Developing an Economy of Belonging

by Henrietta Moore


The Covid-19 pandemic has exacerbated the systemic fissures and failures of the social fabric through economic policies and political decisions that trace back to the 1970s and 1980s, and that have shifted risk and uncertainty onto the most vulnerable members of society. While Black and Minority Ethnic communities and those living in deprived areas have been most impacted, responses to the crisis are not addressing many of the existential challenges derived from a decade of austerity measures, including rising inequality, economic insecurity, in-work poverty, and declining mental health and life expectancy.


The result is a worrying disconnect between macroeconomic models, centralised policy frameworks and the lived realities of individuals and communities. There is continuous lack of understanding on the priorities and factors affecting socio-economic experiences and wellbeing at the local level. This is further compounded by UK over centralised policy frameworks that constraint local authorities’ of any real fiscal autonomy to confront the crisis through the development of more localised policies to secure people’s livelihoods, capabilities and capacities to respond.


In this project, we examine these challenges by asking how an economy of belonging might be characterised and what consequences this might bring to macroeconomics policy and research. More precisely, we set to identify and understand what are the priorities, infrastructures and mechanisms necessary for macroeconomics to take account of those left behind by structural disadvantage and how these interrelate at the local level.


To this effect, we examine these challenges through three interrelated research papers: WP1, Identifying and understanding local priorities for developing an ‘Economy of Belonging’: A case study of eight areas in the UK; WP2, Political budget cycles and trust in the UK; and WP3, Europe in crisis: political trust, corruption and austerity.


In WP1, we conduct a mixed qualitative and quantitative comparative analysis of eight local areas across four regions in the UK to understand the interconnecting factors affecting individuals’ and communities’ quality of life and prosperity. First, we examine Understanding Society Survey data from 2009-2018 waves to explore individuals’ lived experiences using a multi-level hierarchical analysis. Second, we examine the eight case study areas across a series of datasets and indices at the local authority (LA) and lower-local super output area (LSOA) levels using an integrated analytical framework based on life outcomes, life opportunities and life together (LOOT). This allows us to see more clearly patterns of interaction between factors that are not immediately evident at the micro level – the individuals living in a specific region - nor well captured at the macro level – aggregate inter-regional variations.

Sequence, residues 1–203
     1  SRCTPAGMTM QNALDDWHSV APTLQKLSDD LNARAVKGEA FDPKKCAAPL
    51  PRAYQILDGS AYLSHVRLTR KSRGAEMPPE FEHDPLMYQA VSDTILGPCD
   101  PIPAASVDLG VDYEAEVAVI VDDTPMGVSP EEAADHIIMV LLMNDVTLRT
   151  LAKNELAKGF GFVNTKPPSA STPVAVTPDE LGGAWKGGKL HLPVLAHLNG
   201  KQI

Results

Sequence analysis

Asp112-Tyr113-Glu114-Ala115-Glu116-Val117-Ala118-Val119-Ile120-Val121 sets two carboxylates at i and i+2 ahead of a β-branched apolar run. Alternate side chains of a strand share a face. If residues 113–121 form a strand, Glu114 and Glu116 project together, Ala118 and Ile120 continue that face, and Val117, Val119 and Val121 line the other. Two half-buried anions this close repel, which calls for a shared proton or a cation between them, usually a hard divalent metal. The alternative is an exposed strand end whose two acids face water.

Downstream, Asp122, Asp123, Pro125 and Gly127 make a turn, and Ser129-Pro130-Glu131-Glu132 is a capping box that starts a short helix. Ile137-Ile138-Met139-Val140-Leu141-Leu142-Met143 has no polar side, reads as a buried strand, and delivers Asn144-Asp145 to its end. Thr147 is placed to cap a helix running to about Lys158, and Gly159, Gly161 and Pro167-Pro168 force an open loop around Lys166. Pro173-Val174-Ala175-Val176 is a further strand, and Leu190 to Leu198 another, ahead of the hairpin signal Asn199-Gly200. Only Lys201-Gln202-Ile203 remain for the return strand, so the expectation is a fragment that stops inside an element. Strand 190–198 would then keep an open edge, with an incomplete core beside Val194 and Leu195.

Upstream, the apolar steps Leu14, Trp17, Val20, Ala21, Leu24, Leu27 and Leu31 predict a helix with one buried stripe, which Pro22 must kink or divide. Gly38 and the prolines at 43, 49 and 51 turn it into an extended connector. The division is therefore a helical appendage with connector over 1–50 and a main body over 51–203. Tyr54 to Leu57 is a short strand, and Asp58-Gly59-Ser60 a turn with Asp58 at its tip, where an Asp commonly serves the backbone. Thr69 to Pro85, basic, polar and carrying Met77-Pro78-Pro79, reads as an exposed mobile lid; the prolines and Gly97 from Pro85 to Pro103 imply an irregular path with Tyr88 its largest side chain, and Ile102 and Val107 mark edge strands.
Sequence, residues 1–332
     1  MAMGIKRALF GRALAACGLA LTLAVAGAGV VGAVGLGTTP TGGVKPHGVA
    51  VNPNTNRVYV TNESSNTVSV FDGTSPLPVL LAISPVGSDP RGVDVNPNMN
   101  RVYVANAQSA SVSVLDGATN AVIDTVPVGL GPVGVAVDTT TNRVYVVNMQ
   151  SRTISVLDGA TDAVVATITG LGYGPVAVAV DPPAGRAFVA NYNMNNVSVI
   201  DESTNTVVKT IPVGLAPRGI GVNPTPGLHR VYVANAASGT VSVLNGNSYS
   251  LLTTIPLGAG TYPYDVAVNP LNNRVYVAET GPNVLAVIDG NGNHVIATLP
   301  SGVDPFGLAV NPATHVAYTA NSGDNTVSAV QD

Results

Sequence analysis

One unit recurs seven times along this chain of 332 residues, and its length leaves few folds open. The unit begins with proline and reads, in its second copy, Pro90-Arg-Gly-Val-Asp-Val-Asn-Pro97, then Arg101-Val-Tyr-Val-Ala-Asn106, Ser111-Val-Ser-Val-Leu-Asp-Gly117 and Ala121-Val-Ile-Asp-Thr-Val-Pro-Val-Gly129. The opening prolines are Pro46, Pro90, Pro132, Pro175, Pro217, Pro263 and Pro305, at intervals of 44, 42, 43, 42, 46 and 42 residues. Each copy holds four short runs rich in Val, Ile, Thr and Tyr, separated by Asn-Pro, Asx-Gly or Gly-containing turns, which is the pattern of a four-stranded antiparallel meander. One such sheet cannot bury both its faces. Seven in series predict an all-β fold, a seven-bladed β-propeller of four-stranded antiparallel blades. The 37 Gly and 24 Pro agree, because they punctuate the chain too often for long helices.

WP2 examines political budget cycles and trust at the sub-regional level across the UK. The aim of the paper is to examine whether political cycles are effective in the microlevel

In the UK. Looking at public spending at different levels of aggregation (i.e. central governmental policies, regional policies, sub-regional policies) findings suggest that in the UK, political cycles are effective in the microlevel to a certain degree but not enough to swing electoral outcomes or probability to vote.